MOST HELPFUL POSTS
Fran - posted on 09/10/2009
Well, it all depends on why he is coughing. If is the asthma that is causing the cough, no cough medicine with work, because asthma constricts the airways, and he is coughing because he can't get enough air. I would suggest discussing this with your doctor, before giving him anything. My daughter has asthma, and we were finally able to get her on a maintenance program with her puffers, but this was done, by working with her doctor and tracking her cough.
If he is coughing due to a cold, or phlegm in his throat, the pharmacist can recommend the best cough syrup for his age and type of cough. Try using a vapourizer in the room, to help keep his throat moist overnight.
Amber - posted on 02/21/2012
He needs to be seen about his asthma and put on a different inhaler. Cough medicine really isn't recommended even at 5 years old unless 100% necessary and they like to rule out other problems first. The problem with Cough meds is that if your child has any mucus in their lungs and you give those cough meds it will increase risk of pnemonia.
Laney - posted on 12/17/2013
My son developed a horrible cough at only 2 months old...and as a new and young mother I freaked and took him to the doctor. At that time they told me that it was just a cold...and in due time that he would get over it. Well needless to say it didn't not get any better and he spent more time coughing then he did eating or sleeping....it kept him up at night and at nap times...and he would not eat like he normally would. For 13 months doctor visit after doctor visit...4 different doctors....multiple times of explaining the cough and how bad it was and that it was not just one thing that set him off...and that it was so many different things. I finally pushed for something more to be done for test to be ran....I told the 4th doctor in that doctors office that if they did not look into this cough more then what they had done in the last 13 months that I was going to be taking my 15 month old at this time to see a different doctor and that we would not return to the office ever again. after looking over his charts and talking with the other 3 doctors they decided to send him to have a full chest x ray which showed his lungs where hyper-inflamed and started him on the rescue inhaler that day. he also had a breathing treatment before leaving the doctors office for the x ray because I had them check his oxygen levels and they were extremely low. A few weeks later they started him on a preventative inhaler twice and day and also singular at night and the rescue inhaler as needed. He is now 3 1/2 years old and still suffers from asthma and almost anything sets it off. when he gets a cold which is normally minor for most kids his is 3x as bad. I have to use his rescue inhaler every 3-4 hours until all cleared up. Which sometimes last anywhere between 2 weeks and 8 weeks. If its asthma related check with a doctor before giving a cough med...cause the asthma could be much worse then you or they thought....and you made need to change the meds or dosage....good luck I know it was a long process for my family and I. Hugs and well wishes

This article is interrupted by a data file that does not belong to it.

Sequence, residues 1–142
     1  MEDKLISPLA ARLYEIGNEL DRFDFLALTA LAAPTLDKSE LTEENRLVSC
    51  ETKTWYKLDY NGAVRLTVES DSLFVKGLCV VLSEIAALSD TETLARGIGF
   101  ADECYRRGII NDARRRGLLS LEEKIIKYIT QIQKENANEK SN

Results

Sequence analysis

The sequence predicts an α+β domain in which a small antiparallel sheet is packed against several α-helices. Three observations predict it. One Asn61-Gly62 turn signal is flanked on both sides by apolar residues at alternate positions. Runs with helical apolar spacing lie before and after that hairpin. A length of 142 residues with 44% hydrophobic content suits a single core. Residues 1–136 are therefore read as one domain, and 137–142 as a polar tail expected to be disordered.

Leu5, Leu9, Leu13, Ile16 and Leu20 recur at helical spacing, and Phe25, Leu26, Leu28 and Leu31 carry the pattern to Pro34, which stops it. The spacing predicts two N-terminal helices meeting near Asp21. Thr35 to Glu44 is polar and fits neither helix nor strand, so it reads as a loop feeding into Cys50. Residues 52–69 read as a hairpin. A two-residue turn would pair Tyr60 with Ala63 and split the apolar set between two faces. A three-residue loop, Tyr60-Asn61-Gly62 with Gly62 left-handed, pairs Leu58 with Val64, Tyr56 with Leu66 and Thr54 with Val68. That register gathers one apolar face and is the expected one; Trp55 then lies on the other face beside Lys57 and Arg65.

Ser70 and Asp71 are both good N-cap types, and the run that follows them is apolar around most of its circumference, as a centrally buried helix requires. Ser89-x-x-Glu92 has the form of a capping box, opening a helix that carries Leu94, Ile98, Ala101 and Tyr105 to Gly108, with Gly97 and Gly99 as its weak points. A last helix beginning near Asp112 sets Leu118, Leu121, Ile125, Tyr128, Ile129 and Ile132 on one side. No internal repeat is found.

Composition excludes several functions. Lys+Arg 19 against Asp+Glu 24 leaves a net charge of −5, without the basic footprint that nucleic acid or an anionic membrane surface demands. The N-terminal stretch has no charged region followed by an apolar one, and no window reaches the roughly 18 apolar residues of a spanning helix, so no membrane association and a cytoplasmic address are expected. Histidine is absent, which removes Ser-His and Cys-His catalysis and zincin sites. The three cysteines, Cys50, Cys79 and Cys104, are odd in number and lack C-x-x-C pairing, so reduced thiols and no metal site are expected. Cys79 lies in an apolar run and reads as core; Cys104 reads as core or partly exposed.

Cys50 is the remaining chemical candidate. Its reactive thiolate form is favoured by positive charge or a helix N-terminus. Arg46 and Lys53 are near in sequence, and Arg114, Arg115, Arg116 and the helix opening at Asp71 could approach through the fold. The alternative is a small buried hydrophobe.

Chey - posted on 02/21/2012
My asthma and allergy specialist prescribed Robitussin dm 1 tsp as needed for my son. It is an adult formula but it is the only thing that works. I usually only have to give him one dose and the cough is cleared up. My son was five when he prescribed it. Hope it helps.
Jill - posted on 02/19/2012
With my daughter, if she is coughing persistently at night because of her asthma, we do breathing treatments,via nebulizer ( with Xopenex or Albuterol) right before she goes to bed. Then, we give her daily asthma dose 15 minutes later, once the airways are opened up. If it is more a coughing virus/cold, we have had good luck with Delsym.
Jodi - posted on 09/10/2009
Both my kids had childhood asthma My daughter still has problems with it occasionally), and I found a vaporiser in the room, and a puff of ventolin before bed helped with the night time coughs. Also, I found the coughing was worse if the air in their room was cold, so I kept a thermostat heater in their bedroom at night too.
Liz - posted on 09/10/2009
Sometimes asthma is from gastric reflux and when sleeping, the reflux irritates the airway causing cough. To answer your question a great suppressant is Delsym, a 12 hour suppressant available over the counter, low cost, 1 tsp every 12 hours. But I agree a Provider check is in order, if it's asthma, it's not controlled, perhaps due to reflux, perhaps an allergy (dust mites love bedding and if your little one has asthma due to an environmental allergy like dust then an antihistamine might be the best answer).
Join Circle of Moms
Sign up for Circle of Moms and be a part of this community! Membership is just one click away.Join Circle of Moms